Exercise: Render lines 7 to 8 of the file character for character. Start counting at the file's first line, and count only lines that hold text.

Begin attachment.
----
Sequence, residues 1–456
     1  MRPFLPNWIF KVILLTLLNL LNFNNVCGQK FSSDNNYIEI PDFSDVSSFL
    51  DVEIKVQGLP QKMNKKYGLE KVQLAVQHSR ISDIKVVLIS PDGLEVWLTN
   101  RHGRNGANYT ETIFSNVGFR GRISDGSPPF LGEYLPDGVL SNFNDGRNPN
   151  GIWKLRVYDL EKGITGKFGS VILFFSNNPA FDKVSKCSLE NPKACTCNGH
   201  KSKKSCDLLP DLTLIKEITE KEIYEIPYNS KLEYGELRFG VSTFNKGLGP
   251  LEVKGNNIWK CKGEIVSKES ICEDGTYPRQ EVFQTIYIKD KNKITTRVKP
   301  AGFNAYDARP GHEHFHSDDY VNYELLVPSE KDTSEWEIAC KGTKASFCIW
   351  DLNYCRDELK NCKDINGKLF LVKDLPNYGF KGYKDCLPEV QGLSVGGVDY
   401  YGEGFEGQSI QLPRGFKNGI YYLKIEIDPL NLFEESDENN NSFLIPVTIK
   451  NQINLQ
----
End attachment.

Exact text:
   251  LEVKGNNIWK CKGEIVSKES ICEDGTYPRQ EVFQTIYIKD KNKITTRVKP
   301  AGFNAYDARP GHEHFHSDDY VNYELLVPSE KDTSEWEIAC KGTKASFCIW